ABERDEEN, Scotland -- Going low to start a tournament has been a relatively common occurrence for Rory McIlroy in 2014. It's backing it up that has been the problem.
Despite gusty winds and cool temperatures on the Northeast coast of Scotland, McIlroy rattled off eight birdies and a bogey Thursday morning at Royal Aberdeen to take the early, first-round lead at the Aberdeen Asset Management Scottish Open.
The annual European Tour event is viewed as an excellent warm-up event for next week's Open Championship, as in recent years it has been played on a true links course.
For McIlroy, it was the fourth time this year he opened a tournament with a round of at least 7 under. Three times he has shot 63. His 64 here set a Royal Aberdeen course record.
"Anytime you can start a tournament with a score like that, you are very pleased, and it's obviously something to build on for the next three days,'' said Mcllroy, who is coming off a two-week break. "But more importantly, I was just really pleased with how I controlled my game. I controlled my ball flight. Some of the shots that I was practicing over the last 10 days ... to go out today and be able to trust it in a tournament round was great.
"So regardless of the score, just the way I played today was the most pleasing thing.''
Phil Mickelson, in his first competitive round since a disappointing finish at the U.S. Open last month, shot a 3-under-par 68 that saw his only bogey at the last hole. Mickelson, the defending champion, won this event a year ago at Castle Stuart, a relatively new links layout, before going on to win the Open at Muirfield.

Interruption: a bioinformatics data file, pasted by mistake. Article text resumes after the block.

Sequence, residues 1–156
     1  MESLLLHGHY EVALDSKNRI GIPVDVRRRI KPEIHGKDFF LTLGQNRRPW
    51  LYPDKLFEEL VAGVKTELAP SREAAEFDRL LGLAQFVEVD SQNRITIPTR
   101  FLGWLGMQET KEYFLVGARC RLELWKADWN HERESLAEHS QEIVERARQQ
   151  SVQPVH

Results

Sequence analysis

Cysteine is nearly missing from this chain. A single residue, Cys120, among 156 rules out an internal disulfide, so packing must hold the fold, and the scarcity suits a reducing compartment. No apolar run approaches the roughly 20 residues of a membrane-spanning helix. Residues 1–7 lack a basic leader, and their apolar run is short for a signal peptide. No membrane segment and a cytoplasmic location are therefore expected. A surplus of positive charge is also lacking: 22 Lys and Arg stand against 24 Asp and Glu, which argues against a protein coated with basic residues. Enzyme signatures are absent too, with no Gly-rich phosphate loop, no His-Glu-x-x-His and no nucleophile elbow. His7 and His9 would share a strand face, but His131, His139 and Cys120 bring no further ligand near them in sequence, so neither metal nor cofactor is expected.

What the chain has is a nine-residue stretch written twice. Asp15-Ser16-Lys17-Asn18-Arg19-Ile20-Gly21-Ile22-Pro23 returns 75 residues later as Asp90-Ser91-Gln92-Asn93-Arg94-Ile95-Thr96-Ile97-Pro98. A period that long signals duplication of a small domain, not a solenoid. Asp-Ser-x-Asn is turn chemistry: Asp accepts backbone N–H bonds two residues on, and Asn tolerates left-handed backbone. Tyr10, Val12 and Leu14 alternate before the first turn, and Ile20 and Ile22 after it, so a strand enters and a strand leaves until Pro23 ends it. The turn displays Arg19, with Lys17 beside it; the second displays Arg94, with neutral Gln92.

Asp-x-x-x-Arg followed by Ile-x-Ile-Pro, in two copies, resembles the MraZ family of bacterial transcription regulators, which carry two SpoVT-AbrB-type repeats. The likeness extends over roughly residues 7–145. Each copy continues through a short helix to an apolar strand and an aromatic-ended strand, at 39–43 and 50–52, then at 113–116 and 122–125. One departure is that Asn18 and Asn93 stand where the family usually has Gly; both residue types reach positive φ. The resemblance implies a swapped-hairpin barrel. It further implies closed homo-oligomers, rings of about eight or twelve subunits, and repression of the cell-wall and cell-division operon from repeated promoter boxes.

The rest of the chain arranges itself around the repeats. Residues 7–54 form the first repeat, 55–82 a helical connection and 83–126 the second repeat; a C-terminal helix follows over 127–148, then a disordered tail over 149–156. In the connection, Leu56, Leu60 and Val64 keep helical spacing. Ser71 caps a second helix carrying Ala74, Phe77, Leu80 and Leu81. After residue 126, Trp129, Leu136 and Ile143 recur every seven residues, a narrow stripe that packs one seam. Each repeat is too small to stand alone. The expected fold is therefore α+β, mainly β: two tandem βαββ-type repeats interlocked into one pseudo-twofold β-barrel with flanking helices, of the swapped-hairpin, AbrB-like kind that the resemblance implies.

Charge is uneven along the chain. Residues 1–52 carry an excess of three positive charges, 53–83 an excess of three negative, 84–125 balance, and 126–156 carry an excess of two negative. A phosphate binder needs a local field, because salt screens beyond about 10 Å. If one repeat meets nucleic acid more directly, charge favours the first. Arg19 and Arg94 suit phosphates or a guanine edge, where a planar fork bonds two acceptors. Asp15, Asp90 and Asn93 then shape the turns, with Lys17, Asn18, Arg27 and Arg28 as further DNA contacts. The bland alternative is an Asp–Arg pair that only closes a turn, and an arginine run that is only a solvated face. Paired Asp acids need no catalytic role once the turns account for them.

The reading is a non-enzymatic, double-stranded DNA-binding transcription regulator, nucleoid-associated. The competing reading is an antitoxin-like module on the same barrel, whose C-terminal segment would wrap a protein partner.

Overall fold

"I was pleased with the way I putted,'' said Mickelson, who has struggled on the greens for most of the year and has failed to post a top-10 finish on the PGA Tour. "Even though I missed that one at the last hole [for par], I putted much better. It's a good start.''
McIlroy is used to starting fast. He began the Dubai Desert Classic, the Honda Classic and the Memorial with rounds of 63, but he didn't go on to win any of those tournaments.
He played in the final group in Dubai but slumped in the final round, lost in a playoff at the Honda, and followed his opening 63 at Muirfield Village with a 78 that left him scrambling on the weekend.
That tournament was part of a four-event stretch on the PGA Tour in which he had a Friday nine-hole score of 40 or worse.
"I think it's more mental than anything else, to be honest. Trying to keep yourself in the lead or keep yourself up there,'' McIlroy said. "But I don't think it's anything more than that.''
Although McIlroy holds the course record at two other famous links -- a 61 at Royal Portrush in Northern Ireland when he was 17 and a 63 at the Old Course at St. Andrews during the first round of the 2010 Open Championship -- he has never been particularly fond of this style of golf.
But he's worked hard to hit the kind of shots that bring success in these conditions.
And there were a few interesting ones Thursday, including a drive of more than 400 yards to the 436-yard, par-4 13th. McIlroy said he had never driven a par-4 of that length, his tee shot aided by a strong wind at his back and the bounces of a hard links surface.
"It was nice,'' McIlroy said. "Wind assisted and downhill and firm conditions, but it was a good drive. I was confident with it because I knocked it on the green yesterday in the pro-am. So I was pretty sure of what line to take, and just stepped up and hit a good one.''
The drive was so good the players in the preceding group, including Ian Poulter, were still putting as the ball trickled onto the surface.
"I told Poulter it was a 3-wood,'' McIlroy quipped.